The FBI’s claims that its powers of surveillance have “gone dark” are a “crock”, Apple boss Tim Cook has told Time magazine.

Cook is currently embroiled in an escalating war of words with the US authorities over Apple’s refusal to break into the iPhone of San Bernardino terrorist Syed Farook.

The FBI has accused Apple of posturing as “the primary guardian of Americans’ privacy” and putting its brand ahead of public safety. Apple has responded by accusing the FBI of deliberately intending to smear the company and “ throwing decorum to the winds”.

US authorities have long been concerned about the increasing use of encryption – the basis of digital security – by tech companies. Last year the FBI director, James Comey, warned increasing encryption threatened to take the world to a “ very, very dark place ”, leaving law enforcement unable to access information.

“Going dark – this is a crock,” Cook told Time. “No one’s going dark. I mean really, it’s fair to say that if you send me a message and it’s encrypted, they can’t get that without going to you or to me, unless one of us has it in our cloud at this point. But we shouldn’t all be fixated just on what’s not available. We should take a step back and look at the total that’s available, because there’s a mountain of information about us.”

In the interview Cook’s dismisses the FBI’s argument that only one iPhone will be affected by the Farook case. Creating a “back door” into Farook’s iPhone “puts millions of people at risk”. Such software could be used by criminals and other bad actors to crack into anyone’s iPhone, Apple has argued. “It’s not about one phone,” Cook told Time. “It’s very much about the future.”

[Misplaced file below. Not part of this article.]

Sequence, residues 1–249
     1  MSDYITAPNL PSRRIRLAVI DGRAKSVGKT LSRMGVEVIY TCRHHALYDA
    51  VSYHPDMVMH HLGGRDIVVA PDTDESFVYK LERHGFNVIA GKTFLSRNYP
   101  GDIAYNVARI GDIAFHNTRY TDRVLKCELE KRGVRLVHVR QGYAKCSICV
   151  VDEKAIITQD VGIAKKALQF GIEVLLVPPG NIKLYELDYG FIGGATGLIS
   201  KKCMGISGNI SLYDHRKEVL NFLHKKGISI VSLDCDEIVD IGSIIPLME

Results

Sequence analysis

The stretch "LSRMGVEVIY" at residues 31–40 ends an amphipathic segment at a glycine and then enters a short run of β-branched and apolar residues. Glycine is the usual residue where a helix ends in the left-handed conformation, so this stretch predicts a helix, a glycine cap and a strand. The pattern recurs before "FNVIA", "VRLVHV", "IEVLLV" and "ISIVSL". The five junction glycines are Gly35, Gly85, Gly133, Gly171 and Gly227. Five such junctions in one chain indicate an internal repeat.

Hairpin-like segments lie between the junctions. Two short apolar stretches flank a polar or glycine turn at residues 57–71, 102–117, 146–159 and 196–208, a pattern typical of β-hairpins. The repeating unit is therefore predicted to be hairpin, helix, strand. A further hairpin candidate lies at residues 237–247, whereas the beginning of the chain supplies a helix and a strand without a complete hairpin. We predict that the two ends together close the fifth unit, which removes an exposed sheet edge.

Cook also poured cold water on Comey’s arguments that Apple’s encryption technology has left law enforcement unable to access the data of terrorists, pedophiles and other bad actors.

If there was a ban or a weakening placed on Apple’s encryption then “I would argue that the bad guys will use encryption from non-American companies, because they’re pretty smart, and Apple doesn’t own encryption”, said Cook.

“The internet doesn’t have boundaries,” he said. “You can wind up getting an app from eastern Europe or Russia or wherever, it doesn’t matter which country, just outside the United States. And that app would give you end-to-end encryption.”

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